‘A Furious Enemy of Buonaparte’ - Rev. James Beaver, 1820
‘A Furious Enemy of Buonaparte’ - Rev. James Beaver, 1820
‘A Furious Enemy of Buonaparte’ - Rev. James Beaver, 1820
‘A Furious Enemy of Buonaparte’ - Rev. James Beaver, 1820
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‘A Furious Enemy of Buonaparte’ - Rev. James Beaver, 1820

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Overall: 21.5cm (8.5in) x 18.5cm (7.5in)

Half length miniature portrait study of the Rev. James Beaver - a Chaplain in both the Royal Navy and the Army during the French Revolutionary and Napoleonic Wars. Applied with a period paper label verso inscribed in ink: ‘ Contained in period gilt wood glazed frame. Portrait: 11.5cm (in)  x 9cm, (in).

The Reverend James Beaver (1760-1840) was matriculated at Corpus Christi, Oxford, at the age of twelve, and became a Fellow at twenty-six. It is widely recorded that he served as an Army chaplain attached to the 15th Light Dragoons in the Duke of York’s Flanders Campaign of 1793 against the de-Christianized forces of Revolutionary France, whence he developed a deep set loathing for all things French. Prior to the formation of the Army Chaplains Department in 1796, appointments such as Beaver’s were in the gift of regimental commanders.

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As in the Army, there were few chaplains serving in the Royal Navy before 1793 but with the onset of war and growing concerns over indiscipline and immorality numbers increased. A chaplain however was not a mandatory member of a crew complement. Although appointed by the Admiralty like the ship’s regular officers, often they were generally invited to serve by commanding officers who held strong religious beliefs and wished to make religious observance part of their ship’s routine. Proposed Chaplains had to be approved by the Bishop of London, or the Archbishop of Canterbury, and if successful they were appointed to that ship by Admiralty Warrant.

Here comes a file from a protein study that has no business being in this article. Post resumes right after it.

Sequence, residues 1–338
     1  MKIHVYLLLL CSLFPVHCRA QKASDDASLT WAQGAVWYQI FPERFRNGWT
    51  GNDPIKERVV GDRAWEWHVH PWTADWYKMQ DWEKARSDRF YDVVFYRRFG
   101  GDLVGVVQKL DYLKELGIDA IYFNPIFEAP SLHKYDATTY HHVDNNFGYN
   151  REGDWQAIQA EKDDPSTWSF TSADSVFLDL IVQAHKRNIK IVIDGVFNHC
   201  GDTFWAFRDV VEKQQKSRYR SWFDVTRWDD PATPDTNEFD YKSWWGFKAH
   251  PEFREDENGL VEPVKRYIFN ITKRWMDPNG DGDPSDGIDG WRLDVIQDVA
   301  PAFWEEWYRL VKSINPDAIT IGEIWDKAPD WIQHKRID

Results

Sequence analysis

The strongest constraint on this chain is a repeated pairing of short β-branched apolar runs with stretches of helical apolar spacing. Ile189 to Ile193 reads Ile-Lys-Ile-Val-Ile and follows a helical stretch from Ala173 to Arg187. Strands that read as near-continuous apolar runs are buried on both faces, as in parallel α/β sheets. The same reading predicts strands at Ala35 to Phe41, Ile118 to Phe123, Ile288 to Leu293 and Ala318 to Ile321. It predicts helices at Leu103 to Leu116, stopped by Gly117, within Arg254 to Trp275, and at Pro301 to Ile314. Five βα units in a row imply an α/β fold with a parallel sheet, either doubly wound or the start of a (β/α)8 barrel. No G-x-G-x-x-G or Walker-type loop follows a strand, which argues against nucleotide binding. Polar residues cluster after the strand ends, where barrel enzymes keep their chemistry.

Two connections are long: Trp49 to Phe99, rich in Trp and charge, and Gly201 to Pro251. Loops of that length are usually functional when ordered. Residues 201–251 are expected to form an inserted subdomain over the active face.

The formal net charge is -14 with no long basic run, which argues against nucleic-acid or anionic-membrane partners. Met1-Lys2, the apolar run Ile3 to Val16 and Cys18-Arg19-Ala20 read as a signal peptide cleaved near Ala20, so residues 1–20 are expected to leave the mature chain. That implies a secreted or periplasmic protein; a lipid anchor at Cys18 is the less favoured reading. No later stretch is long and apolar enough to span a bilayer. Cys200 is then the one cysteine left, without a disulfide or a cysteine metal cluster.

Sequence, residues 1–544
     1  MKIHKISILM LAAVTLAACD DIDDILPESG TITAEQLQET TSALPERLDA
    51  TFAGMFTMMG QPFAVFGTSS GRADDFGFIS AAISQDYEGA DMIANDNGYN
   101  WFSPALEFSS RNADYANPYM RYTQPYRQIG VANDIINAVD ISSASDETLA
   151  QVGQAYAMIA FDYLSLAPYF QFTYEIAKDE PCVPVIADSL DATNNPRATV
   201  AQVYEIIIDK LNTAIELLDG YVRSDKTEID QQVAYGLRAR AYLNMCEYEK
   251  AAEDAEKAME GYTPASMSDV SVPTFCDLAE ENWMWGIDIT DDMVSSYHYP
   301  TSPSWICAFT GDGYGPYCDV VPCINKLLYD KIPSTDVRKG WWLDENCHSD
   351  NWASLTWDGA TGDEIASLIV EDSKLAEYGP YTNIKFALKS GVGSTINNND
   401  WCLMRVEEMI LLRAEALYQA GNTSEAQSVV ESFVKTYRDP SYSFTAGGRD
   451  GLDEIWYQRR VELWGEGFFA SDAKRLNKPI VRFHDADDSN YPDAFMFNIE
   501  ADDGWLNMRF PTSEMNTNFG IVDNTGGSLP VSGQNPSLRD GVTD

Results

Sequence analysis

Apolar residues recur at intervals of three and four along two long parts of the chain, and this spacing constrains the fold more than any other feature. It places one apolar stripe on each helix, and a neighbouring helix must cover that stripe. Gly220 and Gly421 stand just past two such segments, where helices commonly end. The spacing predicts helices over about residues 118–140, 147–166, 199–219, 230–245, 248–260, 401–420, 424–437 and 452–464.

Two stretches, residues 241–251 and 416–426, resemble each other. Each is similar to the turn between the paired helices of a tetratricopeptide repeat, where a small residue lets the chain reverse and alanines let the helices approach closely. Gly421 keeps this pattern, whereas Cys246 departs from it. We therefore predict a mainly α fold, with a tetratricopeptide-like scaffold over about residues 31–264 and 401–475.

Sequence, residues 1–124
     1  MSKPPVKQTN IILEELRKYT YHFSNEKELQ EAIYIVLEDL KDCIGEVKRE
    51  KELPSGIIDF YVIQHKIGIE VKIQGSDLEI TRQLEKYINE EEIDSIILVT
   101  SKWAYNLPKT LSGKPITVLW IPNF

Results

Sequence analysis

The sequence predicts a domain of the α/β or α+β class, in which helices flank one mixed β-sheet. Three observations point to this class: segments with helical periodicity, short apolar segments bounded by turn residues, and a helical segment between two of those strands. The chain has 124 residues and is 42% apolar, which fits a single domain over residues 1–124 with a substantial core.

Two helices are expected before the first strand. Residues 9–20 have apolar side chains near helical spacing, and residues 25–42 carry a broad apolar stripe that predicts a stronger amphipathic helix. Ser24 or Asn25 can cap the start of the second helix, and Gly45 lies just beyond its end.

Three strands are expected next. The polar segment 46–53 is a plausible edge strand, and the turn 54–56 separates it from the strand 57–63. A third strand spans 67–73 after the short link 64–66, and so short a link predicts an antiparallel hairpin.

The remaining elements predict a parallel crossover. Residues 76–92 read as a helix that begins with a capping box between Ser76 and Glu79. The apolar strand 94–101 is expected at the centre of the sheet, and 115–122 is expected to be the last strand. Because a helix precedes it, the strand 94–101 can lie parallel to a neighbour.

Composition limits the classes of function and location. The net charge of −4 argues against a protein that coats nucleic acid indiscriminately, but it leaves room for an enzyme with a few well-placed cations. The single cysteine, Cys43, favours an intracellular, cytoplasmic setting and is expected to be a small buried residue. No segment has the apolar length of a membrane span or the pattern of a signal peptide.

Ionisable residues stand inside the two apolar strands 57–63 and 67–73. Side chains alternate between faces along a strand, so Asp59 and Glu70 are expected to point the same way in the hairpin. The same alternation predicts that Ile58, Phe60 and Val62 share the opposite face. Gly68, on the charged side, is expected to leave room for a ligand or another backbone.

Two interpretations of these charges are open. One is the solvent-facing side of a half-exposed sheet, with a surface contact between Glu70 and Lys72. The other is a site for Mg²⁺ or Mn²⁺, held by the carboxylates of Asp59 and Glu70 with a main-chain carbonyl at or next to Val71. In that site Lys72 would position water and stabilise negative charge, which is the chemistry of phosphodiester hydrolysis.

Moreover they were expected not only to perform the ecclesiastical duties such as to conduct divine service on Sundays; funeral rites for the dead and, in many cases conduct daily prayers in the Gunroom, but also to act as schoolmasters for the midshipmen. During battle they were expected to assist the surgeon in the cockpit. There is no particular evidence that Captain James Robert Mosse, R.N., of the 74-gun H.M.S. Monarch, held especially strong religious views, but it is clear that Beavor’s presence at the Battle of Copenhagen (1801) would have been at his behest. Mosse was killed early in action at around 1pm when in accordance with Nelson’s plan of attack H.M.S. Monarch exchanged broadsides with the Danish warships Holsteen and Sjælland.

Following the famous blind eye exchange between Nelson and his flag captain Thomas Foley upon Admiral Sir Hyde Parker’s signal to withdraw, superior British gunnery was winning the day. Many years later the Gentleman’s Magazine of 1840 concluded ‘[Beaver] behaved with so much courage and presence of mind as to attract the notice of all on board. The officer who had charge of an important gun having fallen early, Mr Beaver took his place, and fought his gun with so great skill and bravery to the end of the action, that he was honoured with the especial notice of of Lord Nelson, and on his return to England had a gold medal presented to him, in commemoration of his heroic conduct.' In total Monarch suffered over 200 casualties including 55 dead, the highest number of casualties of any ship engaged at Copenhagen.

The Reverend Beaver, who was noted as a 'furious enemy of Buonaparte and a thoroughly orthodox hater of the French', was ironically obliged to take up residence in France in his later years as Chaplain of Dieppe, where he died, but not before writing a 48-line poem on the awfulness of Paris (ref: Fifeshire Journal, 14.12.1871).